Can Your Gum Health Predict Colon Cancer?
Recent findings in a study published by American Association for Cancer Research (AACR) suggest that the presence of periodontal disease is associated with a slightly higher risk of developing colorectal precursor lesions, which include serrated polyps and adenomas.
Data on tooth loss and periodontal disease was obtained from the Nurses’ Health Study (1992-2002) and the Health Professionals Follow-up Study (1992-2010). 17,904 women and 24,582 men were included in the sample size of the study. Data regarding polyp diagnosis was obtained through self-reported questionnaires and later confirmed through medical records. The data were also adjusted for smoking and other related risk factors that lead to periodontal disease and colorectal cancer. The study found that:
- Individuals with periodontal disease had about a 17% increased risk of developing serrated polyps
- Individuals with periodontal disease had about an 11% increased risk of developing conventional adenomas
- Individuals who have lost four or more teeth presented a 20% increased risk of developing serrated polyps
Though the research furthers scientific understanding of the interaction of oral health and gut health, additional research is needed to explore the extent of the correlation and how this influences the risk of colorectal cancer for a definitive conclusion. A previous study published by the International Journal of Cancer suggests that the correlation between periodontal disease and carcinogenesis in the gut may be attributed to the increase in systemic inflammation, thus increasing immune dysregulation and affecting gut microbiota. The study also mentions that positive associations between periodontal disease and other forms of cancers such as lung, breast, and pancreatic cancer have been reported.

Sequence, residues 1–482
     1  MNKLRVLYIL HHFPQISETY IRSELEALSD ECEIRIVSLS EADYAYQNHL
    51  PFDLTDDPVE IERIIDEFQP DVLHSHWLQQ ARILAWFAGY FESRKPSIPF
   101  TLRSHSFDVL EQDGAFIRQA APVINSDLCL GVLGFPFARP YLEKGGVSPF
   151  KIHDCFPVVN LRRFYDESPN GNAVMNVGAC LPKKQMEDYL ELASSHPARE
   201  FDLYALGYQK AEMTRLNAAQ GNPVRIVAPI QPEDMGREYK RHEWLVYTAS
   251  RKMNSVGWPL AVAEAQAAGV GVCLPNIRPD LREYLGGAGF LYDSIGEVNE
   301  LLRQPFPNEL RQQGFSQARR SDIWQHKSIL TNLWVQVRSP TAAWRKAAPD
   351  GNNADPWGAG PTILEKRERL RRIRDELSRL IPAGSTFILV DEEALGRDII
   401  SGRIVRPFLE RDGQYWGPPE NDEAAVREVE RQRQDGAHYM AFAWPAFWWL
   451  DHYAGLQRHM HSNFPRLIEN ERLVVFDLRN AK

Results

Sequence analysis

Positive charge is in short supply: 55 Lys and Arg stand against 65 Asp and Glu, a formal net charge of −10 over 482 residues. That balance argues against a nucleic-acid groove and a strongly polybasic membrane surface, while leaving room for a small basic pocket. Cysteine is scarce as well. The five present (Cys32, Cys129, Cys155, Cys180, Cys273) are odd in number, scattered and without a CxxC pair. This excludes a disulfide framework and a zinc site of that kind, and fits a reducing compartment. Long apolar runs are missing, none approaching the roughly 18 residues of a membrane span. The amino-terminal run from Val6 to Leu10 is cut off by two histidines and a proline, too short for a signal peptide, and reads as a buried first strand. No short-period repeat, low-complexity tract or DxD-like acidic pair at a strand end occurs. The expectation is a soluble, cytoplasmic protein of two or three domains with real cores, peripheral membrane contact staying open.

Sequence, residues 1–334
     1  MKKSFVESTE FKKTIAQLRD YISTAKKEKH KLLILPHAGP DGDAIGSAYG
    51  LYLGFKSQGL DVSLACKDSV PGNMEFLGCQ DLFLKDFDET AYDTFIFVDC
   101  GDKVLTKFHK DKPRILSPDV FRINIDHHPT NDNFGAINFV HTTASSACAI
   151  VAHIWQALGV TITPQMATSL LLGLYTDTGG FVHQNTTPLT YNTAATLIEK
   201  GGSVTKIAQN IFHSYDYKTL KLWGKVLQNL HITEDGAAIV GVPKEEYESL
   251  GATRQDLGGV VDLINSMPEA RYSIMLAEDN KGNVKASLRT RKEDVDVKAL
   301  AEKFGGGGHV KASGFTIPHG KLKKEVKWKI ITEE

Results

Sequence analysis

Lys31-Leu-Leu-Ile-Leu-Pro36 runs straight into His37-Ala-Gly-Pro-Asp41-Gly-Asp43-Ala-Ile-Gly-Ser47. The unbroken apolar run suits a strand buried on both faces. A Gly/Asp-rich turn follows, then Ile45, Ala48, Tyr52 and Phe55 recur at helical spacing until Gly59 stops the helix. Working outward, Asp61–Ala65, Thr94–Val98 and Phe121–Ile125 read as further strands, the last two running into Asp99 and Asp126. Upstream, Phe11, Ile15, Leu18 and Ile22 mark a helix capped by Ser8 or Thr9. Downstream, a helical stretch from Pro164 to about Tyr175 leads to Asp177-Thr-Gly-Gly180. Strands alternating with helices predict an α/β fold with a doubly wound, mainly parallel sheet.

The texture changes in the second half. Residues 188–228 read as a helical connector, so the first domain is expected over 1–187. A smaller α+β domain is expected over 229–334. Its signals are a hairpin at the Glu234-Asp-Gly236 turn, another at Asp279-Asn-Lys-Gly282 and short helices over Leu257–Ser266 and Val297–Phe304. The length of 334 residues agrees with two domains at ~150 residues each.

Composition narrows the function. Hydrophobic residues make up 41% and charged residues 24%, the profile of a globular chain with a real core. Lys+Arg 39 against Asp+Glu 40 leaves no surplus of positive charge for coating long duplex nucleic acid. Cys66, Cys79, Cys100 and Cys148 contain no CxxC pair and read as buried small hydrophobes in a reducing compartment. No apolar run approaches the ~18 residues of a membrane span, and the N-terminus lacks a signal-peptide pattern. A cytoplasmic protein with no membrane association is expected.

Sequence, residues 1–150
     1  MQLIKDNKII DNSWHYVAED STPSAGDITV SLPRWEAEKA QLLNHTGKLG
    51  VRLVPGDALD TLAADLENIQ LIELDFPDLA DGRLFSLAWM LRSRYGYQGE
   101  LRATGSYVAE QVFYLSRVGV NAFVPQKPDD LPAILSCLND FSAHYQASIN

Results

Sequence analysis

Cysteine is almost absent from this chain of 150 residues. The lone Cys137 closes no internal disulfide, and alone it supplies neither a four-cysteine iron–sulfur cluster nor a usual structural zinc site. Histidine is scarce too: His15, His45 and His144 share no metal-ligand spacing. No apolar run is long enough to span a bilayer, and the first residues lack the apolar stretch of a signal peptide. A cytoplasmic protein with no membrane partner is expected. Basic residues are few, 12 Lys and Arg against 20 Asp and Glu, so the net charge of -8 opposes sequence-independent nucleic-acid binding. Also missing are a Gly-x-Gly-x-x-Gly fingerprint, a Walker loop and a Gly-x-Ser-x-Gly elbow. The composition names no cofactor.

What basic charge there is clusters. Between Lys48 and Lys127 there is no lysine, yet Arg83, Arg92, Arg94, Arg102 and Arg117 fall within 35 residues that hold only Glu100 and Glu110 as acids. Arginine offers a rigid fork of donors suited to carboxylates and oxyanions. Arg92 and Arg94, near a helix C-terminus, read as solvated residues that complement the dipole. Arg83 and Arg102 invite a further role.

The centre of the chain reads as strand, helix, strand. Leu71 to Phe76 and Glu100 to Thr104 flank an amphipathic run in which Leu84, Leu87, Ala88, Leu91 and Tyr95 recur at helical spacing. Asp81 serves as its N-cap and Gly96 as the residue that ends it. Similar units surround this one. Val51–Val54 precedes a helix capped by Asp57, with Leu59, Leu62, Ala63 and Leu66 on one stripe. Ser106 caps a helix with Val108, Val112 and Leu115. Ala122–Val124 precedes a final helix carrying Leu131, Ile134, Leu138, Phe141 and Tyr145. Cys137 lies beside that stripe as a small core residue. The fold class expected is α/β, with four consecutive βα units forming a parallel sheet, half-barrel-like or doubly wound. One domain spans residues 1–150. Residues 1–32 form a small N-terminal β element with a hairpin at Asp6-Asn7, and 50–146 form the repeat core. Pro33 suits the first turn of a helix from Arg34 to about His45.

Colorectal cancer is largely preventable given that precursor lesions can be detected and removed. Individuals should regularly monitor their oral health and speak to their medical providers about family history regarding periodontal disease and colorectal cancer to prevent early onset of colorectal cancer.
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